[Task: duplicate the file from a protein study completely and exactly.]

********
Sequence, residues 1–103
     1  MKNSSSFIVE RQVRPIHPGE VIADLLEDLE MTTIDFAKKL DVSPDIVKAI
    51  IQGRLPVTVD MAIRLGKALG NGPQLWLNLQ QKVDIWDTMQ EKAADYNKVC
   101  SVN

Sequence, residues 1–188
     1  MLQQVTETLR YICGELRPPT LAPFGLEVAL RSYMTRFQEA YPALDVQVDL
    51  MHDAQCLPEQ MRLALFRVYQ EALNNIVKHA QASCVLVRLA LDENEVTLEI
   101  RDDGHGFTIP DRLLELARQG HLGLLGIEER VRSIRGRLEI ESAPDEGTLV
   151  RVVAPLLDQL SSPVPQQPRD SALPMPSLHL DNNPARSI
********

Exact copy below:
Sequence, residues 1–103
     1  MKNSSSFIVE RQVRPIHPGE VIADLLEDLE MTTIDFAKKL DVSPDIVKAI
    51  IQGRLPVTVD MAIRLGKALG NGPQLWLNLQ QKVDIWDTMQ EKAADYNKVC
   101  SVN

Sequence, residues 1–188
     1  MLQQVTETLR YICGELRPPT LAPFGLEVAL RSYMTRFQEA YPALDVQVDL
    51  MHDAQCLPEQ MRLALFRVYQ EALNNIVKHA QASCVLVRLA LDENEVTLEI
   101  RDDGHGFTIP DRLLELARQG HLGLLGIEER VRSIRGRLEI ESAPDEGTLV
   151  RVVAPLLDQL SSPVPQQPRD SALPMPSLHL DNNPARSI